Meiosis (Functions and Importance)

Meiosis (Functions and Importance)

Definition: Meiosis (/maɪˈoʊsɪs/; from Greek μείωσις, meiosis, which means lessening) is the process in eukaryotic, sexually-reproducing animals that reduces the number of chromosomes in a cell before reproduction. Many organisms package these cells into gametes, such as egg and sperm.

The term “meiosis” (originally spelled “maiosis”) is derived from the Greek word μείωσις, meaning ‘lessening’. It was introduced to biology by J.B. Farmer and J.E.S. Moore in 1905:

The term was linguistically corrected to “meiosis” by Koernicke (1905), and by Pantel and De Sinety (1906).

In general, this process involves a “parent” cell splitting into two or more “daughter” cells. In this way, the parent cell can pass on its genetic material from generation to generation.

Cells in the human body have 23 pairs of chromosomes or 46 in total. This includes two sex chromosomes: two X chromosomes for females and one X and one Y chromosome for males. Because each chromosome has a pair, these cells are called “diploid” cells.

On the other hand, human sperm and egg cells have only 23 chromosomes or half the chromosomes of a diploid cell. Thus, they are called “haploid” cells.

In meiosis, DNA replication is followed by two rounds of cell division to produce four daughter cells, each with half the number of chromosomes as the original parent cell. The two meiotic divisions are known as Meiosis I and Meiosis II. Before meiosis begins, during S phase of the cell cycle, the DNA of each chromosome is replicated so that it consists of two identical sister chromatids, which remain held together through sister chromatid cohesion.

Meiosis I, the first half of the total cell division process of sexual reproductive cells, has four phases: prophase I, metaphase I, anaphase I and telophase I. Before mitosis or meiosis I begin, all cells go through interphase.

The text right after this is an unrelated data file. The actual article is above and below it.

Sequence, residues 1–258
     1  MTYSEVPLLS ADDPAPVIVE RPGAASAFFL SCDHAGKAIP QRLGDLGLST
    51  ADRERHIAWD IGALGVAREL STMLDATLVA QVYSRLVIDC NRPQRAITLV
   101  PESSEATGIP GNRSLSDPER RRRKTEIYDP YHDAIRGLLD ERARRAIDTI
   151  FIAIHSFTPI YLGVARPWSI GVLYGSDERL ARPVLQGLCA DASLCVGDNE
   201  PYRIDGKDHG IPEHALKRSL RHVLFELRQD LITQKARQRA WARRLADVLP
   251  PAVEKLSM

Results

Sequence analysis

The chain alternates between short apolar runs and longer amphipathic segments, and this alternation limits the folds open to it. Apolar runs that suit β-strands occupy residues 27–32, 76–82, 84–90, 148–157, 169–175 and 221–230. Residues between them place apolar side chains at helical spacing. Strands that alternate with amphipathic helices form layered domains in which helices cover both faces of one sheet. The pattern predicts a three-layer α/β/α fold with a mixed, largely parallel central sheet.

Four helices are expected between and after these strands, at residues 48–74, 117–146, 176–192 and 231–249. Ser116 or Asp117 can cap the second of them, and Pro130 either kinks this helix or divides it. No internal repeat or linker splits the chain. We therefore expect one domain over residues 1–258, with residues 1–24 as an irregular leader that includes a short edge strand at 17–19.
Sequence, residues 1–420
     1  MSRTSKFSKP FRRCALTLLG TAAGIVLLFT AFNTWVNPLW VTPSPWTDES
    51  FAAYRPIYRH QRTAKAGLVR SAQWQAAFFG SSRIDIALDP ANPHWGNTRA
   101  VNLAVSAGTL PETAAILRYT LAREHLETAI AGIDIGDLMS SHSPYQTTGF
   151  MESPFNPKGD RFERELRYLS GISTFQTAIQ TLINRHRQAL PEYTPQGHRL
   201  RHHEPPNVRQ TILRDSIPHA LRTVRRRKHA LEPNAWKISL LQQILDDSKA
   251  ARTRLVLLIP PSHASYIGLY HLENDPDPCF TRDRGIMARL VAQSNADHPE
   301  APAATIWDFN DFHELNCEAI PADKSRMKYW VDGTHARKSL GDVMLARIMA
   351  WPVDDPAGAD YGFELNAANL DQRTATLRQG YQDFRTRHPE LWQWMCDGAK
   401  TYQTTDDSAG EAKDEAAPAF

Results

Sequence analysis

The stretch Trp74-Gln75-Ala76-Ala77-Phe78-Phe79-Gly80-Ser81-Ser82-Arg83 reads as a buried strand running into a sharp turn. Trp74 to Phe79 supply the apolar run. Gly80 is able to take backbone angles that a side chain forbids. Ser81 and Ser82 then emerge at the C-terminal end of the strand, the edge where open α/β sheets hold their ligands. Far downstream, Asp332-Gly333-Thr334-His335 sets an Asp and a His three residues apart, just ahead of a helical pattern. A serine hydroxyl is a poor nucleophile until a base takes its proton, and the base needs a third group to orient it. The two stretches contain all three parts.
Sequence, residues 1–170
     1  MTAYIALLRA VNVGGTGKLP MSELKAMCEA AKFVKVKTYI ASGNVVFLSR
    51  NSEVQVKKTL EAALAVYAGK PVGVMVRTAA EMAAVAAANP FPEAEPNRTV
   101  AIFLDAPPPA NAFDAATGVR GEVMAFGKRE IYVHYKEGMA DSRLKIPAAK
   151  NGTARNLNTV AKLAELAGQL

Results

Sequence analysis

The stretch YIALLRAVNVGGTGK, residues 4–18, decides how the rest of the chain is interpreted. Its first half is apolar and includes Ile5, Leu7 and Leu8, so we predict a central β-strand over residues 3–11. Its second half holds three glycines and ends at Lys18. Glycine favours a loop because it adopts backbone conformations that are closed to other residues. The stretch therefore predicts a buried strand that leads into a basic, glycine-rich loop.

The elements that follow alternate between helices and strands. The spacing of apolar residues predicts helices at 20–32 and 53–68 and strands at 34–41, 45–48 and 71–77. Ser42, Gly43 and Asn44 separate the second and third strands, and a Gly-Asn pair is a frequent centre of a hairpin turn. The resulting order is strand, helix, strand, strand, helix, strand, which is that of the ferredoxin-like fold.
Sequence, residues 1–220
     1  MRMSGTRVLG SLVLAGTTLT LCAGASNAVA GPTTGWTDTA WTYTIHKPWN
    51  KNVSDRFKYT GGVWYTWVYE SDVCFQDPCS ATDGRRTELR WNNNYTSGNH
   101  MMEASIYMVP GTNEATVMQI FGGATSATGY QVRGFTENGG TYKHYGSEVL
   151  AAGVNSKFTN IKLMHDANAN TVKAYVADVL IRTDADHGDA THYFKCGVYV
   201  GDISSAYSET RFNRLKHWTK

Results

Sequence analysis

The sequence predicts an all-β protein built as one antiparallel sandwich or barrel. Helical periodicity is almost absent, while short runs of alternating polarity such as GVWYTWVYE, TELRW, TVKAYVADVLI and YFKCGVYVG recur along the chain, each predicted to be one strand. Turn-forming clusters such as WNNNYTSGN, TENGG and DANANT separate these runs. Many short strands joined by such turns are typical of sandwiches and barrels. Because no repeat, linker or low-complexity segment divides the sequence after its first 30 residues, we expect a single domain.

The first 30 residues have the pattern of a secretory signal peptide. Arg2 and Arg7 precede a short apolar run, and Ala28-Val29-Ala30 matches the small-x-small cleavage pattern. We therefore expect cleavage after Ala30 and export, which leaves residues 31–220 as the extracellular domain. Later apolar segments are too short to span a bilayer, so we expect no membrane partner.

Metaphase II is characterized when the chromosomes line up at the metaphase II plate in the center of the cell. Note that the metaphase plate from meiosis I is now called the metaphase II plate. The kinetochore fibers of the sister chromatids start to point to opposite sides or poles of the cell.

Functions of Meiosis: Meiosis is necessary for many sexually-reproducing animals to ensure the same number of chromosomes in the offspring as in the parents. To understand sex in eukaryotes, it is necessary to understand (1) how meiosis arose in single-celled eukaryotes, and (2) the function of meiosis.

The act of fertilization includes two cells fusing together to become a new zygote. If the number of alleles of each gene is not reduced to 1 in the gametes that produce the zygote, there will be 4 copies of each gene in the offspring. In many animals, this would lead to many developmental defects. In other organisms, polyploidy is common and they can exist with many copies of the same gene. However, if the organism cannot survive if they are polyploidy, meiosis must occur before reproduction. Meiosis occurs in two distinct divisions, with different phases in each.

Meiosis is a key event of the sexual cycle in eukaryotes. It is the stage of the life cycle when a cell gives rise to two haploid cells (gametes) each having half as many chromosomes. Two such haploid gametes, arising from different individual organisms, fuse by the process of fertilization, thus completing the sexual cycle.

Meiosis is ubiquitous among eukaryotes. It occurs in single-celled organisms such as yeast, as well as in multicellular organisms, such as humans. Eukaryotes arose from prokaryotes more than 2.2 billion years ago and the earliest eukaryotes were likely single-celled organisms.

Importance of Meiosis: Proper “chromosomal segregation,” or the separation of sister chromatids during meiosis I and II are essential for generating healthy sperm and egg cells, and by extension, healthy embryos. If chromosomes fail to segregate completely, it’s called nondisjunction and can result in the formation of gametes that have missing or extra chromosomes.

The most significant impact of meiosis is that it generates genetic diversity, and that’s a major advantage for species survival.

 

Information Source:

  1. sciencing.com
  2. livescience.com
  3. biologydictionary.net
  4. wikipedia